How to Run a Successful Board Giving Campaign

Last week, I gave you three great reasons why your organization needs an organized board giving campaign. This week, we present a formula for running a successful board giving effort. This is a formula that has been put into practice at hundreds of non-profit organizations, and is suitable for any non-profit launching (or re-organizing) it’s board giving activities.

Step #1 – Get Board Buy-In

The first step for running a successful board giving campaign is to get buy-in from your board of directors. This step is often overlooked by non-profit development staffs, but is crucial to running a smooth and successful effort. Simply put, your board must “own” the board giving campaign if it is to reach its overall goal, which should be ambitious.

The best way to get board buy in is for the chairman and executive committee of the board to present the concept of an organized board giving campaign at a regularly scheduled board meeting. This discussion should occur at least one board meeting prior to the meeting where you launch the effort. Your chairman can explain why your non-profit is holding an organized board giving campaign, why board leadership is so important, and float a financial goal for the effort. The board should then be invited to discuss the campaign and the goal, and to vote to approve the plan.

It is imperative that your board chairman and/or executive committee take the lead in announcing the campaign – so important, in fact, that the success of your effort relies on it. Board giving campaign should be board-led. Very few board giving efforts are successful when the development director or other development staff are the ones announcing the campaign and doing the solicitations. The primary driver of the board giving campaign must be the chairman and other executive officers of the board.

Equally important is that your board vote on, and approve, an overall goal and timeline for the campaign. Board members must go on record stating their approval of the goal and the deadline by which it should be raised.

Step #2 – Officially Launch the Campaign

At the next board meeting (after the board votes to approve the campaign), your chairman should announce the official launch of the campaign, remind the board of the goal and the deadlines, and set a deadline for every board member to make a pledge. Board members should be invited to fill out a pledge form for their board gift and confidentially transmit it by mail, email, or fax back to the chairman of the board. Be sure to make provisions for board members who want to spread their gift payments out over time, or who want to pledge and pay through the United Way.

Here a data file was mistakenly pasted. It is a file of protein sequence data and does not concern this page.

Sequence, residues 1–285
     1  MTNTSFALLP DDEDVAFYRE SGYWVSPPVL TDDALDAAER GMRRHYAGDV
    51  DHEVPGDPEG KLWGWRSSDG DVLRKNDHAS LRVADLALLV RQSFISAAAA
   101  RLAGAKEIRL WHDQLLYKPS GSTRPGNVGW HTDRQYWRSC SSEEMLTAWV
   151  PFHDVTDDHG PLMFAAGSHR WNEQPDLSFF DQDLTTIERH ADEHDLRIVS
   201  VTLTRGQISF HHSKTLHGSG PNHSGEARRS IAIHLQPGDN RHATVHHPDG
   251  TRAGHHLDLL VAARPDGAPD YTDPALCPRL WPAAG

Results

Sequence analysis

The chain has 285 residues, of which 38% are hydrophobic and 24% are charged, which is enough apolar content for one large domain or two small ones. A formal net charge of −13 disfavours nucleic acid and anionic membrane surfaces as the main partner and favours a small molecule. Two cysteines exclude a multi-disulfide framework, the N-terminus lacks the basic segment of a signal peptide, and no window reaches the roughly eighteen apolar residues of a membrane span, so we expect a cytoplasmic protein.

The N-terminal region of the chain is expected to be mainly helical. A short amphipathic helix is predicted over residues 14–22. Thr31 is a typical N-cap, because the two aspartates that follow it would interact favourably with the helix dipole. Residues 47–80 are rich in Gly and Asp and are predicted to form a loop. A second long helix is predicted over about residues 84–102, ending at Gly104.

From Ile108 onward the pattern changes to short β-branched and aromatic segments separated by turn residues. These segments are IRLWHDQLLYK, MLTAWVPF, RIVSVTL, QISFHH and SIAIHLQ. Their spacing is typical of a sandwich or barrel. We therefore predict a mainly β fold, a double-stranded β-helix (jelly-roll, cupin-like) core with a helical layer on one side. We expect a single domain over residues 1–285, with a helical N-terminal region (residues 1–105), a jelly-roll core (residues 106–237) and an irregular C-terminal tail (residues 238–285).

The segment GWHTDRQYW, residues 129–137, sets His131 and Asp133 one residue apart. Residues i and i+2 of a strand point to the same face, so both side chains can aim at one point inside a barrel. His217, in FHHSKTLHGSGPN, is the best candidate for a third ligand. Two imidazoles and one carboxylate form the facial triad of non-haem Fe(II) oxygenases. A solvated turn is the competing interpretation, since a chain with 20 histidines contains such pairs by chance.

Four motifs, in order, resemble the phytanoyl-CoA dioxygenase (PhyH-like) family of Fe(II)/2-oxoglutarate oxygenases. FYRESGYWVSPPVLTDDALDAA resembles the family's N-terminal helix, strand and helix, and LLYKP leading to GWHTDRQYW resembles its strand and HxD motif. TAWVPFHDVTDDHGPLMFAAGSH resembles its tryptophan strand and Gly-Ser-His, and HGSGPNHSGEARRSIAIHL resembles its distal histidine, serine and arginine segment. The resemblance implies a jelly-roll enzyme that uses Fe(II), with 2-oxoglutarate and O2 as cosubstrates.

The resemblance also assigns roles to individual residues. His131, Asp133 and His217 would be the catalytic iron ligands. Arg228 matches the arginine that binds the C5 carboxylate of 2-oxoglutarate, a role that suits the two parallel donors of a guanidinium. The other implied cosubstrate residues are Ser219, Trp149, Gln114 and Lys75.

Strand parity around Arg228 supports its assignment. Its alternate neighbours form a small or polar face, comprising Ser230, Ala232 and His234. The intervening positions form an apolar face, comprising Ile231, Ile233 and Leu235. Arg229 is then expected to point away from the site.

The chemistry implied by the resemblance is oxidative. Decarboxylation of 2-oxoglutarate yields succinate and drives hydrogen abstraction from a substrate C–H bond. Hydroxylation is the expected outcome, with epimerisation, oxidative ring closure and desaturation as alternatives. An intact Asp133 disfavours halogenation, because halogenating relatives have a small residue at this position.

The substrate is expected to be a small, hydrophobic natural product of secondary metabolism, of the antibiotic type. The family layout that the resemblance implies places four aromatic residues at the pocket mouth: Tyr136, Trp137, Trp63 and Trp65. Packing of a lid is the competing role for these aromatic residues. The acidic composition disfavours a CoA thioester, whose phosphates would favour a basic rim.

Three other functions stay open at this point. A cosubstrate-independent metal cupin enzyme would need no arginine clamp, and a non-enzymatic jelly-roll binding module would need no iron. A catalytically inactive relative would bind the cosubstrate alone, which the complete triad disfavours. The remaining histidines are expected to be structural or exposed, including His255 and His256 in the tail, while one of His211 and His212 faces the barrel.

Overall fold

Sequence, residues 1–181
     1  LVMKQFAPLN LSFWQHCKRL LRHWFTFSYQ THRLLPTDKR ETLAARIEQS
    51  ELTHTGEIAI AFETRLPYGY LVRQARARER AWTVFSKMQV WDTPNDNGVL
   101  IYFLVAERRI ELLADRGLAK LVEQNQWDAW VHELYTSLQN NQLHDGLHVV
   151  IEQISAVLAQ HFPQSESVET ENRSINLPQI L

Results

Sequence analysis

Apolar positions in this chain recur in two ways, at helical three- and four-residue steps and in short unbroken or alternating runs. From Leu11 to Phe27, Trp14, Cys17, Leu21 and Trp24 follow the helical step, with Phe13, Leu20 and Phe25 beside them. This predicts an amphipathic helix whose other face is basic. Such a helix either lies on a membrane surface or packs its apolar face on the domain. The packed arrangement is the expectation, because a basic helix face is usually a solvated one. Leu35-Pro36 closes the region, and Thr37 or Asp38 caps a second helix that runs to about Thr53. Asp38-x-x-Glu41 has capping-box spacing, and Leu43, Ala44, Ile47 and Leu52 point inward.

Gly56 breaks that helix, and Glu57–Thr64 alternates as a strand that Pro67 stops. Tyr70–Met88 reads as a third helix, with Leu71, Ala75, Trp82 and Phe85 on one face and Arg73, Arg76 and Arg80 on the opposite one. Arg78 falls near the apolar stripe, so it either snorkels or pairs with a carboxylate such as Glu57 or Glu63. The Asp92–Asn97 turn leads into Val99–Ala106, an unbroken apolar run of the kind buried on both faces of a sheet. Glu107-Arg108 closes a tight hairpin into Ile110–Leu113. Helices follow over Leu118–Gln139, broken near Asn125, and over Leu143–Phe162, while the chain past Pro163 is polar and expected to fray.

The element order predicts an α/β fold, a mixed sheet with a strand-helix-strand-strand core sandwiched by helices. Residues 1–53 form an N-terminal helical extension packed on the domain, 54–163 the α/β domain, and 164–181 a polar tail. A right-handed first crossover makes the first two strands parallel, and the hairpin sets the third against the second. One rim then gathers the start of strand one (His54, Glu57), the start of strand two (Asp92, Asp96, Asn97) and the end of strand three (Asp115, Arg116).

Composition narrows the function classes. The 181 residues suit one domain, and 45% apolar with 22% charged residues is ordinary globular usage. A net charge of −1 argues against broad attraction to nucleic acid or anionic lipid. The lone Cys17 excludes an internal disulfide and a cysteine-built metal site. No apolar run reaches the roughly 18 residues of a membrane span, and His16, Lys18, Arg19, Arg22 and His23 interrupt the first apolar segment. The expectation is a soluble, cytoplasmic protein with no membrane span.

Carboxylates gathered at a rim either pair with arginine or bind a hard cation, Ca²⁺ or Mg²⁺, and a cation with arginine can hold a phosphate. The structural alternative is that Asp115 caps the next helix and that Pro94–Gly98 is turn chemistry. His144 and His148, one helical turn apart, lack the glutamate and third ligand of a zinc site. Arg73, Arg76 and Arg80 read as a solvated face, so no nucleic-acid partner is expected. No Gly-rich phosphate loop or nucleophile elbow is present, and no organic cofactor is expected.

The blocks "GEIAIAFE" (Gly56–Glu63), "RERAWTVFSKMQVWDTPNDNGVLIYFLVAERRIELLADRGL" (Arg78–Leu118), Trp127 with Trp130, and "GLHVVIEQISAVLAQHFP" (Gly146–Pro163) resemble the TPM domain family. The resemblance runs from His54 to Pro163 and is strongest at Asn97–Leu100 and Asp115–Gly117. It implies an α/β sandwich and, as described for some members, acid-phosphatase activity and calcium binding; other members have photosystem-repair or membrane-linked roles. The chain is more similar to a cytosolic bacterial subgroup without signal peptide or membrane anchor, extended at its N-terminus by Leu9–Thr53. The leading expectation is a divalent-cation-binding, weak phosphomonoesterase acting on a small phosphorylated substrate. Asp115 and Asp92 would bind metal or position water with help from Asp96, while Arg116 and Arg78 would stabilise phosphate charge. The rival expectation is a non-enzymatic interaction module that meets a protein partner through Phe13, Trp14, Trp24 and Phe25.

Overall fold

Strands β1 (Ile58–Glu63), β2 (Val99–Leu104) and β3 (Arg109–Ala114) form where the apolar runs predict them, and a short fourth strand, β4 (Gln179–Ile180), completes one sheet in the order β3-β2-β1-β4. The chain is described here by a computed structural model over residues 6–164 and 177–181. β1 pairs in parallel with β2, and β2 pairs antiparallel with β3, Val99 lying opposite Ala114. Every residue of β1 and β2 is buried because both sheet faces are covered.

Step #3 – Letter from the Chairman

In the month following the official launch of the campaign, every board member should receive a letter from the chairman of the board, along with a blank pledge form, reminding them how important this campaign is to the overall mission of the charity, and reminding the board members to get their pledges back in as soon as possible.

Step #4 – Begin Regular Updates

After a significant number of pledges have been received, the organization should begin sending out monthly e-mail updates to the members of the board letting them know (a) how much has been pledged to date, (b) how much has been received to date, (c) what percentage of board members have made a pledge, and (d) what the average pledge amount is.

Give these numbers only in the aggregate. I have found that the strategy of “name and shame” doesn’t work well with board giving campaigns… that is, putting out a list of board members along with the size of their gift, and circulating it regularly, generally does not have the desired effect for board giving efforts.

Step #5 – Follow-Up Calls

Finally, as the deadline for pledges approaches, your board chairman should make follow-up calls to those members of the board who have not yet made their pledge, asking them to do so. Your goal should be 100% board participation in the board giving campaign, as well as successfully meeting the overall fundraising goal for the effort. (For more tips on making fundraising asks, read: 7 Tips for Making the Most Out of Your Fundraising Asks).

Remember… your board should take the lead in your fundraising efforts. Their participation in an organized board giving campaign will send a strong signal to others that this non-profit is well-run, stable, and poised to do great things.

Do you need help getting your board of directors revved up about fundraising? If so, then check out How to Get Your Board Enthusiastic about Fundraising.

Photo credit: alexanderljung